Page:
The next step in our pre production is creating a selection of storyboards to show what the visuals will look like. We have done a script which we can refer back to, to create the storyboards. The storyboards will help us during our filming process to make sure we get the best shots possible and in terms of preparation, it means the whole filming process won’t be very time consuming since everything has been prepared before hand. In order to create the best possible storyboards, we have searched the typical conventions of storyboards used in the film industry.
What is a storyboard?
A storyboard is a graphic representation of how the film will unfold, shot by shot. It is referenced by the film makers in production and pre production to create the best film possible.
Storyboards for ‘Jurassic Park’
Storyboards have many conventions which are recommended to be considered to allow us to create a selection of useful and helpful storyboards. These include:
- Camera Shot Distance (Long Shot, Wide Shot, Close Up, Extreme Close Up)
- Camera Movement (Zooms, Pans, Tilts)
- Camera Angles (High, Low, Flat)
- Location (where the scene is set)
- Who is in the scene (character name)
- Type of action in the scene (arrows in the direction of movement, notes for the actor etc)
- Description of what is happening (general info about the scene)
- Types of transitions should be noted (dissolve, wipe, fade)
- Notes for the sound (diegetic and non diegetic, narrative, off screen, voice over etc)
- Timing of each shot (noted in the top corner of the storyboard box)
If we take these conventions into account, it will mean we have a helpful storyboard to look at whilst filming – meaning our filming won’t be clumsy or messy and it will be completed quickly and sufficiently.
A genre that has intrigued me and Adam is: the murder mystery genre. Because of this interest, we decided to research the genre further which has opened us up to many new ideas for our film opening. To present the typical conventions of the murder mystery genre and to use as many media forms as possible, a podcast would be the best way to talk about the genre. To do the podcast, we used an audio recorder to record ourselves talking about the subject then to add into the podcast, I created a picture on Pixelmator to add into Final Cut Pro when editing. Here is the podcast below:
To make it easier to look at the conventions, for reference we have included short bullet points of what we spoke about down below:
- The plot usually contains an unsolved crime at hand. The protagonist is usually the one attempting to solve the crime, the detective. The whole storyline is typically based around the protagonist trying to solve the crime by piecing together: clues, events, suspects and circumstances.
- Since there is a detective as a protagonist, there will most certainly be a villain which needs to be caught. Since there is a killer, there needs to be some victims too else, there will be no murder(s) to happen.
- The setting tends to be where the crime occurred and where the evidence takes the protagonist. A common setting which is always referred back to in many murder mystery films is in fact an office where the detectives meet to piece evidence together.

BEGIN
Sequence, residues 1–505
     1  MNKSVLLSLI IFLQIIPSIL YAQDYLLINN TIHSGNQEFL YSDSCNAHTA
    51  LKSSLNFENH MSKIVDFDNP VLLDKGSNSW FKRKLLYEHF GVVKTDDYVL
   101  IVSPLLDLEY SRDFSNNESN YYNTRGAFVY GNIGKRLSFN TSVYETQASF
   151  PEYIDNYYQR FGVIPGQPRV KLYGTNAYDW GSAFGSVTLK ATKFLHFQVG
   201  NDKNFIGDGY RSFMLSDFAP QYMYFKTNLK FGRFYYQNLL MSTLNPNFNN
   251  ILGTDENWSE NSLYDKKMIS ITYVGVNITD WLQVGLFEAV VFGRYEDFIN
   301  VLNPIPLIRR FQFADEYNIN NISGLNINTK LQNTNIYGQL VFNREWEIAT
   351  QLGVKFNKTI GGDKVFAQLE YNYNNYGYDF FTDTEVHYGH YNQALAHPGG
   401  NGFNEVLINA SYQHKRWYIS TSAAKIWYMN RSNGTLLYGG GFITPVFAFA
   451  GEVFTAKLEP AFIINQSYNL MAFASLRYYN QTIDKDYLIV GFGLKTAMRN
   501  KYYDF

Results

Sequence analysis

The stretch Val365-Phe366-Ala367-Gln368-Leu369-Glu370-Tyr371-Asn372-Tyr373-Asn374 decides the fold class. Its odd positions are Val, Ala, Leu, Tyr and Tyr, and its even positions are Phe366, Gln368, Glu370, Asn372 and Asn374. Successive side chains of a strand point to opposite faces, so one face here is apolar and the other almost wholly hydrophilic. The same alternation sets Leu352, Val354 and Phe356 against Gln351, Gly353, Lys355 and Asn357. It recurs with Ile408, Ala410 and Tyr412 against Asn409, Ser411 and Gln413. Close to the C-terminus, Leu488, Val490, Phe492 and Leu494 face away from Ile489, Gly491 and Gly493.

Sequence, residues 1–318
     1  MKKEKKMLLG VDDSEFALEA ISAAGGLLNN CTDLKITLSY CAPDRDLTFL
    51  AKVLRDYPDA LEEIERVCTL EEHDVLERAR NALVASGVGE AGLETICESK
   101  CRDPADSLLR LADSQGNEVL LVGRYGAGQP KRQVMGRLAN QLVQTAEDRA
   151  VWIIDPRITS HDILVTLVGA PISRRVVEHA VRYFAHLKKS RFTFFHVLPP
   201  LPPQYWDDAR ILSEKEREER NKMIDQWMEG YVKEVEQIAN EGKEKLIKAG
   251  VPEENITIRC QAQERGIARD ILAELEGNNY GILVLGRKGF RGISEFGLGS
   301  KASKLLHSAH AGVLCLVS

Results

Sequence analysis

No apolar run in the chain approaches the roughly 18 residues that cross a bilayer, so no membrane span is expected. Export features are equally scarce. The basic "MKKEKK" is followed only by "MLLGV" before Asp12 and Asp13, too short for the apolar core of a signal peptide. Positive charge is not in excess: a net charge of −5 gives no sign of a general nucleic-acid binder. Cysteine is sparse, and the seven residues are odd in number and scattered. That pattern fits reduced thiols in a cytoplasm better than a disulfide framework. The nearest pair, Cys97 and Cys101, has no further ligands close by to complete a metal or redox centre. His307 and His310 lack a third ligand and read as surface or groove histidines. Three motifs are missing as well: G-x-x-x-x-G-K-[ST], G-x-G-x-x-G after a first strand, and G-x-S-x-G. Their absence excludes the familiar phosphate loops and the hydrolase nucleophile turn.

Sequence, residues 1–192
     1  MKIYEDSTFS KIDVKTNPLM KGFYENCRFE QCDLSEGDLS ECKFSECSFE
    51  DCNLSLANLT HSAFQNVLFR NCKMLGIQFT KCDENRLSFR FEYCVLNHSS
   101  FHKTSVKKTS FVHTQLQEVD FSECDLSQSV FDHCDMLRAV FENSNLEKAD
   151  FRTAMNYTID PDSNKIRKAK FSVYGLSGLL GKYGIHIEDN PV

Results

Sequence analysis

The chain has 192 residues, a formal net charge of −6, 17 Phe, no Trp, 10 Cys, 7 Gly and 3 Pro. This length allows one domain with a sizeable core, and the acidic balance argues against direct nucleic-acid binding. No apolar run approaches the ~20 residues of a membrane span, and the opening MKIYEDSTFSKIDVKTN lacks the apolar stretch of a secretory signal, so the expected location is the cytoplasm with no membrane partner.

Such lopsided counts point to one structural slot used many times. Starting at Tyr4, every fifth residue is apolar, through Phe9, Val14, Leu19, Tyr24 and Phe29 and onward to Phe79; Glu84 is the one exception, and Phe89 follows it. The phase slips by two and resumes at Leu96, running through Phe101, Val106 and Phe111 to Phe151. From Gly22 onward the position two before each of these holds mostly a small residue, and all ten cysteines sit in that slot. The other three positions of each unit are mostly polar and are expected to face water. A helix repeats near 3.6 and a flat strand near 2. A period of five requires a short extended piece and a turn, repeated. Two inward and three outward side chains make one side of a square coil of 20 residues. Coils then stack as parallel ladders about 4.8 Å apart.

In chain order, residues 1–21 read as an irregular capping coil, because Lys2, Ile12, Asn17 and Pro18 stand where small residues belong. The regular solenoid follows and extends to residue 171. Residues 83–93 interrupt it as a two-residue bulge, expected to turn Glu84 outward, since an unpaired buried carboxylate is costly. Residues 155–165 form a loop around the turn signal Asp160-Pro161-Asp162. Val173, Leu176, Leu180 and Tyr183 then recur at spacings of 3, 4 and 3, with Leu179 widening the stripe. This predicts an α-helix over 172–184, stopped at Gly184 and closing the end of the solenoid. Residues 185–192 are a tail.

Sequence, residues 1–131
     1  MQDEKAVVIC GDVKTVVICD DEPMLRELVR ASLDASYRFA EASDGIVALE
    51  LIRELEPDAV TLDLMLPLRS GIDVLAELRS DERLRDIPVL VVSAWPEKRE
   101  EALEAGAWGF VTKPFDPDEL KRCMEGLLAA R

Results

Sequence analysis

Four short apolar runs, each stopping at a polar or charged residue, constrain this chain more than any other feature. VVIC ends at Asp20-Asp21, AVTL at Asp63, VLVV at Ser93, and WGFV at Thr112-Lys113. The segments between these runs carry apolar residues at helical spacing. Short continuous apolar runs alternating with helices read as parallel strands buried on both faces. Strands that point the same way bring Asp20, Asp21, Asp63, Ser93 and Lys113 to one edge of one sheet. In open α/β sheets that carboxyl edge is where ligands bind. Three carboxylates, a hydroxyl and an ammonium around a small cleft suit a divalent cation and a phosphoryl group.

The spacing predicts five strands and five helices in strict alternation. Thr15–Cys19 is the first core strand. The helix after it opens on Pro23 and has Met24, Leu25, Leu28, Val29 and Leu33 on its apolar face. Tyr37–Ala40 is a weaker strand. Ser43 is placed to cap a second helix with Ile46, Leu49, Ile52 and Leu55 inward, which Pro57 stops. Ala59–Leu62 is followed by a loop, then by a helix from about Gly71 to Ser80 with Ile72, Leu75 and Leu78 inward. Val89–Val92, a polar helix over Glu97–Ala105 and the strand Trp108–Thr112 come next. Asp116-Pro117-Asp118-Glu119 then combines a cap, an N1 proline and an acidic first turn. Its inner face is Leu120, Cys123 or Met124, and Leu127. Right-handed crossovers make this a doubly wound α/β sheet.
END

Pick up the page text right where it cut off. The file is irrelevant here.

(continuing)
- The way the film is edited is also quite unique. In murder mystery films, there are quite a lot of fade to blacks, potentially this could mean that suspense is added to the quite dark matter at hand in terms of the plot and the events taking place.
- The iconography is usually a very sad, dull day. To present this in the film, dark and rainy days are used in many outdoor scenes and settings.
- A common use of non-diegetic sound used in these films is a sad, eerie and mysterious score played at many times during the film. This adds tension and an uncomfortable atmosphere to the film.
- Most common themes presented are: conspiracy, pursuit of something or someone, acts of murder, sadness, suspense and of course, mystery.
Linking onto my video about the conventions of the thriller genre, there are also audience expectations of what a thriller film should be as well as what the target audience arguably is. Of course, anyone can enjoy whatever film they want but, a common demographic for the thriller genre are young adults; mainly 18-25 year olds. This is mainly because, young adults/people this age are attracted to the graphic action and tense storylines the thriller genre contains.
That being said, there are many different sub-genres of the thriller genre which attract audiences of different ages. A romantic thriller for example, can target a female audience whereas an action thriller can attract a more male dominated audience from the ages of 15-30. A lot of films are targeted at certain ages and genders because of how much the audience connects and relates to the character (more specifically, the main character).
The target audiences of the thriller (sub)genre obviously expect excitement and to be on the edge of their seats during their time watching the film. A trailer which includes fast paced editing and the most exhilarating scenes from the film will obviously attract more of the target audience to go watch the film. A strong storyline which engages the audience into the characters’ lives is also an audience expectation. A thriller film does not give much detail about the characters at the start so, a lot of the film is about character progression. This links to the feeling of wanting to watch more of a thriller film because, as these storylines begin to unravel, the plot becomes exciting and like I said before, it puts the audience on the edge of their seats.